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    Republican members of the United States House of Representatives are seldom reluctant to fire off bizarre claims about reproductive health. On Wednesday, Georgia Congressman Jody Hice took the GOP's rhetoric to a new level. During a hearing on "abortion access and the law," Hice, one of several outspoken characters in the Peach State's right-wing caucus, asked if pregnant people ever deliver "something" that is not a homosapien. "Is there any instance of a woman giving birth to something that is not a human being, a baby, like, a turtle, or as our First Lady suggested, a breakfast taco," Hice asked. "I mean, is there any instance where other than a human being has been born?" READ MORE: GOP senator ridiculed for comparing pregnant women to sea turtles Hice's female staffer, seated to his rear right, reacted viscerally. "Is that one of his aides behind him, on the left? Her face when he said that," one Twitter user noted. "The moment that staffer behind him realizes that she doesn't get paid enough to deal with this bullshit," Dr. Jorge...
    In a New Republic piece from last week, headlined “The Rise of the Hereditary Judiciary,” Matt Ford lays out the case that the federal judiciary up to and including the Supreme Court, which was always the least democratic branch, has over recent years become even less democratic. (I spelled “democratic,” with a small-d, although it could also refer to a judiciary that has become more Republican.) Ford starts out talking about a swap, agreed between President Joe Biden and Senate Republican Leader Mitch McConnell, in which Biden made a rather bad deal. If McConnell would stop using his position to block two appointments to federal prosecutor positions, Biden would accept McConnell’s “suggestion” of an appointee to a federal judgeship in Kentucky, a candidate with Republican and anti-abortion track records. (It was a bad deal for Biden, Ford suggests, because the federal judgeship is a lifetime appointment, while U.S. attorney appointments are not.) But what caught Ford’s eye was that the judgeship to which McConnell’s ally would be appointed was not vacant at the time. In fact, the conservative and Republican...
    Senate Minority Leader Mitch McConnell threatened to tank a bipartisan bill that puts $52 billion toward the semiconductor industry to compete with China if Democrats try to resurrect President Joe Biden's Build Back Better plan.  'Let me be perfectly clear: there will be no bipartisan USICA as long as Democrats are pursuing a partisan reconciliation bill,' McConnell tweeted late Thursday afternoon, using the acronym for the United States Innovation and Competition Act.  Press secretary Karine Jean-Pierre called McConnell's threat 'shocking' and 'outrageous,' in a statement issued as President Joe Biden was returning to the White House after his two-country trip to Europe.  Senate Minority Leader Mitch McConnell threatened to tank a bipartisan bill that puts $52 billion toward the semiconductor industry to compete with China if Democrats try to resurrect President Joe Biden's Build Back Better plan 'Let me be perfectly clear: there will be no bipartisan USICA as long as Democrats are pursuing a partisan reconciliation bill,' McConnell tweeted late Thursday afternoon, using the acronym for the United States Innovation and Competition Act President Joe Biden waves to reporters as...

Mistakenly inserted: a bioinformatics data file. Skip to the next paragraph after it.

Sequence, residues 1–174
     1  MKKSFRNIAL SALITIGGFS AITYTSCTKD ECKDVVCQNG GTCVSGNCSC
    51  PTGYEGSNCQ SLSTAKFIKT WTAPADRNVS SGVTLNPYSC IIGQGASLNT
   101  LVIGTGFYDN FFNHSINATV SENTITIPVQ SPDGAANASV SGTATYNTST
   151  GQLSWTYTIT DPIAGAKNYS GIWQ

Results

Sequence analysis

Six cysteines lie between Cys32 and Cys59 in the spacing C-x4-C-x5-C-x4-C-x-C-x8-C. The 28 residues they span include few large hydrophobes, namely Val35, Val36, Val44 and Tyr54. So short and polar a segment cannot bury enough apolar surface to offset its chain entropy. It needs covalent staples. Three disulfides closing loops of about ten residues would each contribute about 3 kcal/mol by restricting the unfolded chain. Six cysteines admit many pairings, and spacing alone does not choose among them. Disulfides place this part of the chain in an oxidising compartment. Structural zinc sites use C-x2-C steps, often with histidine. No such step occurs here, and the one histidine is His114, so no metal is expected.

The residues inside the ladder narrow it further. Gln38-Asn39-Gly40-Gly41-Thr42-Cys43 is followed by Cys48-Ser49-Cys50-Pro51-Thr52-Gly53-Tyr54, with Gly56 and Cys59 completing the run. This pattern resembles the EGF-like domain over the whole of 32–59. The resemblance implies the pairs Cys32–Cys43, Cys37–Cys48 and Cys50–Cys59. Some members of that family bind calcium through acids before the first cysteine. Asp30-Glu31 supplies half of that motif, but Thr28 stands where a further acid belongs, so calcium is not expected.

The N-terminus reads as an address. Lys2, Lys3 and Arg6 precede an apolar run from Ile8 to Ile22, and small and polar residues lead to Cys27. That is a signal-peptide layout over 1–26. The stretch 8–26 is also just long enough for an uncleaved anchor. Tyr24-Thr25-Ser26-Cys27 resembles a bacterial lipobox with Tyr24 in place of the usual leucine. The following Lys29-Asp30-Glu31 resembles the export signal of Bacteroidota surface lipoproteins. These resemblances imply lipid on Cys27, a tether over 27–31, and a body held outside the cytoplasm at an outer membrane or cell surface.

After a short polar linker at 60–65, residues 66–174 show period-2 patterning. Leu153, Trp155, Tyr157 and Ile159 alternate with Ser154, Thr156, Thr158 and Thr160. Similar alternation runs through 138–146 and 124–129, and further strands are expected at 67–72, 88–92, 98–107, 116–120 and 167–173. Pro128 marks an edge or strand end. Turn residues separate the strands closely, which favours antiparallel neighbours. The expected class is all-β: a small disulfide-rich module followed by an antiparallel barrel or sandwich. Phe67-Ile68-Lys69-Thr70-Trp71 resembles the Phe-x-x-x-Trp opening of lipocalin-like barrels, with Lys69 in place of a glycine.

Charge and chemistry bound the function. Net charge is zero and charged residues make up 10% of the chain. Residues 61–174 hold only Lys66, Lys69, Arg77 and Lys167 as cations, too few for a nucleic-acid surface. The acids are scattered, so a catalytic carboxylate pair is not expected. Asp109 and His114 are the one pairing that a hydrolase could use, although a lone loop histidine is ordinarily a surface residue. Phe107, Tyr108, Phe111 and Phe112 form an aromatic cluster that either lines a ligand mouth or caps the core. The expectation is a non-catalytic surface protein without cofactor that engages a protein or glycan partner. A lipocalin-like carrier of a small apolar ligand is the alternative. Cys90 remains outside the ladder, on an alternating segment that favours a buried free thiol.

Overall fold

(CNN)Senate GOP Leader Mitch McConnell has issued a major warning to Democrats: Republicans won't agree to a bill to bolster US competitiveness with China if Democrats continue to pursue an economic agenda they are trying to pass along straight party lines this summer.The China competitiveness bill has been the subject of negotiations for months and is being closely watched by industry groups -- particularly automakers -- because it includes funding for the development of semiconducter chips that are in short supply. House and Senate Democrats have been at odds over the proposal, stalling its progress, but the Kentucky Republican's threat could sink the effort altogether. "Let me be perfectly clear: there will be no bipartisan USICA as long as Democrats are pursuing a partisan reconciliation bill," McConnell tweeted, referring to the China competes bill acronym that stands for the United States Innovation and Competition Act.McConnell's threat comes as Democrats are pursuing a bill that would include capping the price of prescription drugs -- as well as potentially energy and climate provisions -- through the budget process known as reconciliation, which...